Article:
AT&T Releasing Watson Voice Recognition API; Will Developers Care?

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Siri on the iPhone 4S did a lot to raise the profile of speech recognition on mobile devices. While Siri’s real accomplishment is in its ability to parse language, the speech-to-text itself is a vital component. Of course, Apple’s not the only one around with an app that accepts voice commands, and there are various solutions available on all the major platforms. With all that language-processing tech available, do we need another option? AT&T seems to think so, and today announced the future availability of its Watson system to developers.

This June, AT&T will release APIs for developers to incorporate the company’s Watson speech recognition system into their own apps. It didn’t discuss platforms, but considering its Watson demo app is available for Android and iOS, we’d say those are safe bets.

AT&T’s goals for Watson are admirable, offering developers customized APIs for maximizing performance based on how users will interact with an app; APIs for web searches, text messaging, and getting information on local businesses will be among those first released. That might attract some interest, but are developers really interested in moving away from established speech recognition systems? Android, for example, already provides hooks for such services, and taking advantage of Google Voice Search might make more sense for many developers than taking a chance with AT&T and Watson. By the time summer rolls around, we should start to get a better picture if Watson will be the success AT&T is hoping for.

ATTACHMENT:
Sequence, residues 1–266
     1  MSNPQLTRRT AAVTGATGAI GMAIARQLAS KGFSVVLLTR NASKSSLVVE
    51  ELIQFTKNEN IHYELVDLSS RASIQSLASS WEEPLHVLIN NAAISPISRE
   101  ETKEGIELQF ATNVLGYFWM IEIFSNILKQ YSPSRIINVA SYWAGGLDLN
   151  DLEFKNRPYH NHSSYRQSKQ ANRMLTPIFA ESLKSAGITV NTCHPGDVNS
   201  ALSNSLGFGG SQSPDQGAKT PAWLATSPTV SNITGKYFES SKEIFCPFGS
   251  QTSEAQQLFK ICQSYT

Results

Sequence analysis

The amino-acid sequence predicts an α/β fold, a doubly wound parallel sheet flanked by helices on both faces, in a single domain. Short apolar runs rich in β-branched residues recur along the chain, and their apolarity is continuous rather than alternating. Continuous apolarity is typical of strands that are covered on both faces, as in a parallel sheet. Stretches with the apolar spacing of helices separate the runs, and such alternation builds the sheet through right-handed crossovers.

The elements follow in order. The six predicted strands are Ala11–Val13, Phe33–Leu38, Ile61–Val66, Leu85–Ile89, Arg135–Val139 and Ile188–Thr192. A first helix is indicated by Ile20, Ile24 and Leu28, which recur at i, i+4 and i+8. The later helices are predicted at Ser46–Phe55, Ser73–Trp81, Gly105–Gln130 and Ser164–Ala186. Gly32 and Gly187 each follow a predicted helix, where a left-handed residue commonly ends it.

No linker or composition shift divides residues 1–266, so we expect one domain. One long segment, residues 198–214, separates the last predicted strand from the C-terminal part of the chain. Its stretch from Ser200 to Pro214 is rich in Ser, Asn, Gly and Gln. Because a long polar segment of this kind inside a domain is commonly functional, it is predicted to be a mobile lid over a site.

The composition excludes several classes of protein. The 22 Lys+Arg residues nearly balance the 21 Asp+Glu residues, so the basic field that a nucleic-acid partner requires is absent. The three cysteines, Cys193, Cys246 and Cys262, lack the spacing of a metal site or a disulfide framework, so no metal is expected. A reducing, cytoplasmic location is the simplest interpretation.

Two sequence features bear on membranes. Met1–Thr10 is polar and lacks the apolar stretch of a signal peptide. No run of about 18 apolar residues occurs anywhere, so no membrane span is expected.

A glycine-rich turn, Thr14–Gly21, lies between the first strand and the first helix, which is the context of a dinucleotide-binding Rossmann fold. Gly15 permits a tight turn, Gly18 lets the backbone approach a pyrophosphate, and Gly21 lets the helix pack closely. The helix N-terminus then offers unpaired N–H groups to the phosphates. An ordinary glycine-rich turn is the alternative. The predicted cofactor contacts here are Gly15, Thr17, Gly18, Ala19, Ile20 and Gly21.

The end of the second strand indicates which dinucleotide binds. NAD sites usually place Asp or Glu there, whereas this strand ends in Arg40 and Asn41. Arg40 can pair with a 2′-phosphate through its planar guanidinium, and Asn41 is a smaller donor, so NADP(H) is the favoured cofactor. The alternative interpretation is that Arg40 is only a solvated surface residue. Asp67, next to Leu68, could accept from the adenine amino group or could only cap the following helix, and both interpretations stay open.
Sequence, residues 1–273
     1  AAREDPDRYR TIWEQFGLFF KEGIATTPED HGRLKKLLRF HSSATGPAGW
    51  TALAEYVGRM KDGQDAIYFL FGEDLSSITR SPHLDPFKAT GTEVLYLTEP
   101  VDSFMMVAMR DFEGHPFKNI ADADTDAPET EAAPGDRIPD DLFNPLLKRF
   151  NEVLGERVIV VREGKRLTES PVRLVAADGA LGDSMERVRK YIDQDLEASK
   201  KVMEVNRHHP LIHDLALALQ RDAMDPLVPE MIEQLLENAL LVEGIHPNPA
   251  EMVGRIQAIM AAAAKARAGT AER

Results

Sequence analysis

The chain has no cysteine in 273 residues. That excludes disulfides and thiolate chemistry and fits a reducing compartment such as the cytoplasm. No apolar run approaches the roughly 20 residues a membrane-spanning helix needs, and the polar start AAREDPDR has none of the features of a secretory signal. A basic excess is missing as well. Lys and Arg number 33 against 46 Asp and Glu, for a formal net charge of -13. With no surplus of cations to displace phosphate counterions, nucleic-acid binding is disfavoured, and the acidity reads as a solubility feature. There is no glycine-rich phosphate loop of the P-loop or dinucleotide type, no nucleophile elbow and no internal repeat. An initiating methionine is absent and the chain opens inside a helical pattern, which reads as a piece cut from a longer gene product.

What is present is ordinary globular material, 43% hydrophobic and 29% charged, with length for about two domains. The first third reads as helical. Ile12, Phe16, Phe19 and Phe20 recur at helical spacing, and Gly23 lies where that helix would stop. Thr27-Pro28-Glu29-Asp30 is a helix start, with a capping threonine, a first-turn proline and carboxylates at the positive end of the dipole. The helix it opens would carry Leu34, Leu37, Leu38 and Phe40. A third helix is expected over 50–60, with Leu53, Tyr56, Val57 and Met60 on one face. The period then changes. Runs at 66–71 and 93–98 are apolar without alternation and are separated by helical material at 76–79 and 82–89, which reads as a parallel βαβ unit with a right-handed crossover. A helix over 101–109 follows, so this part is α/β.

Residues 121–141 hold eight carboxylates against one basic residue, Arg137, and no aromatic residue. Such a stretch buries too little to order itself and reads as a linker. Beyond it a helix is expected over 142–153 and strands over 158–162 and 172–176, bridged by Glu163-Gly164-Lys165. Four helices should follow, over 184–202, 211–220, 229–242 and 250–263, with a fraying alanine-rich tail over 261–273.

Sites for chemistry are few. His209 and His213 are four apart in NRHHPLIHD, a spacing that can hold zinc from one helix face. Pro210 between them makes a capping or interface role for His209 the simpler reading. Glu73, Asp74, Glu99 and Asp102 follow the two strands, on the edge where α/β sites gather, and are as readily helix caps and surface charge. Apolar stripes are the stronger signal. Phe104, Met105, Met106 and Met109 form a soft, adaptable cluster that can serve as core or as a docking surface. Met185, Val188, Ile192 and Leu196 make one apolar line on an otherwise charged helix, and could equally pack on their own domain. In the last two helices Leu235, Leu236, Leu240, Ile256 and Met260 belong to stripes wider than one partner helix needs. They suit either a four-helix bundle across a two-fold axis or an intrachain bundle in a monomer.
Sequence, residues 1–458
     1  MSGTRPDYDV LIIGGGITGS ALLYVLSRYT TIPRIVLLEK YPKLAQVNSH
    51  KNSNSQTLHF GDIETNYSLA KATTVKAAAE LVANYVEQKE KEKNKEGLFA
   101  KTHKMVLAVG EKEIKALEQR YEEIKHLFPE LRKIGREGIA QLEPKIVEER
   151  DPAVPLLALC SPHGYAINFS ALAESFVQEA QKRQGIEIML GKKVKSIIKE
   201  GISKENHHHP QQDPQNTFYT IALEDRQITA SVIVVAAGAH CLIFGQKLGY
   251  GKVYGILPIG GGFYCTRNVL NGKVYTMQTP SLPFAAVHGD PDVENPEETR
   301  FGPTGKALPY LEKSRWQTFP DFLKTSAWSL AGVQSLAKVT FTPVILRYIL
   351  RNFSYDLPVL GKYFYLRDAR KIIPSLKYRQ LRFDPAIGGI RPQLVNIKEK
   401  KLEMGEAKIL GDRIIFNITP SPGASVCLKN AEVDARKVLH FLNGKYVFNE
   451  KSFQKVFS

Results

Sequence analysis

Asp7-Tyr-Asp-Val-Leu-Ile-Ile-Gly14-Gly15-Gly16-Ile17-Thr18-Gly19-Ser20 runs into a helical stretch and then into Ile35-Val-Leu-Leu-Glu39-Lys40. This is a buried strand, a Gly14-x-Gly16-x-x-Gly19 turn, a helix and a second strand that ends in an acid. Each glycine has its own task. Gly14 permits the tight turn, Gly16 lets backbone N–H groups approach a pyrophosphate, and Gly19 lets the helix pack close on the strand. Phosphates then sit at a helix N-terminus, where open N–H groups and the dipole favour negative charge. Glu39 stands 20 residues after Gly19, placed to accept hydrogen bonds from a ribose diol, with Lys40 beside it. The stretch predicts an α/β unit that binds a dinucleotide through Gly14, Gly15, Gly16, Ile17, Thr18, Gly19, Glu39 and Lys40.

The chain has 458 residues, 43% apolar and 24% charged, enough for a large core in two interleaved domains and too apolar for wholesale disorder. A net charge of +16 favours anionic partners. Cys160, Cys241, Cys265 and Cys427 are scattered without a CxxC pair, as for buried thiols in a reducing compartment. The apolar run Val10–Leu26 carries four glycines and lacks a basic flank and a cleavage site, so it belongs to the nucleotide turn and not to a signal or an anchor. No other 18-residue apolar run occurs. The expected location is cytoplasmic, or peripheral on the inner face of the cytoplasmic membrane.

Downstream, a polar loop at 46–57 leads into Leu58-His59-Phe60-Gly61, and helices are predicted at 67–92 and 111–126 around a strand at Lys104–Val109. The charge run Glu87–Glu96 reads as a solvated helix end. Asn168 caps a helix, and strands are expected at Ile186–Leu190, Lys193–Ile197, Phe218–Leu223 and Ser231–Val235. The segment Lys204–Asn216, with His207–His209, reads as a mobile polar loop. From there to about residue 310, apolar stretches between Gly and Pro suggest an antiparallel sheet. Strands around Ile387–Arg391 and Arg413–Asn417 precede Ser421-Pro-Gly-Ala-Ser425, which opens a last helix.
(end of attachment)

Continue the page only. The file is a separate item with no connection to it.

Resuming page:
Source: AT&T

Via: TechCrunch

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About The Author
Stephen Schenck
Stephen has been writing about electronics since 2008, which only serves to frustrate him that he waited so long to combine his love of gadgets and his degree in writing. In his spare time, he collects console and arcade game hardware, is a motorcycle enthusiast, and enjoys trapping blue crabs. Stephen's first mobile device was a 624 MHz Dell Axim X30, which he's convinced is still a viable platform. Stephen longs for a market where phones are sold independently of service, and bandwidth is cheap and plentiful; he's not holding his breath. In the meantime, he devours smartphone news and tries to sort out the juicy bitsRead more about Stephen Schenck!